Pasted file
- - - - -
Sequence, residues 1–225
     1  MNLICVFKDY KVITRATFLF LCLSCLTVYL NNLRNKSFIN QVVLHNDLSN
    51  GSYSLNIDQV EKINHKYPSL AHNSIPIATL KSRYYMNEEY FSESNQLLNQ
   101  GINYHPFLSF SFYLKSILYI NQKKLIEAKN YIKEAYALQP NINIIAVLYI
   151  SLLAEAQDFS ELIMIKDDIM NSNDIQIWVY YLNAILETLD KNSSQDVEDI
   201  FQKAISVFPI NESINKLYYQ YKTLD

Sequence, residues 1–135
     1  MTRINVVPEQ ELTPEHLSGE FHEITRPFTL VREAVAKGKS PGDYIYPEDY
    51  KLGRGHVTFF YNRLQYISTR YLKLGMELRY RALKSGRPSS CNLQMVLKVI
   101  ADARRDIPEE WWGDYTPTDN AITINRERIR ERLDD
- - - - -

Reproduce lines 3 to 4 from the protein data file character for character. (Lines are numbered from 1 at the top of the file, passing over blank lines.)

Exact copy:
    51  GSYSLNIDQV EKINHKYPSL AHNSIPIATL KSRYYMNEEY FSESNQLLNQ
   101  GINYHPFLSF SFYLKSILYI NQKKLIEAKN YIKEAYALQP NINIIAVLYI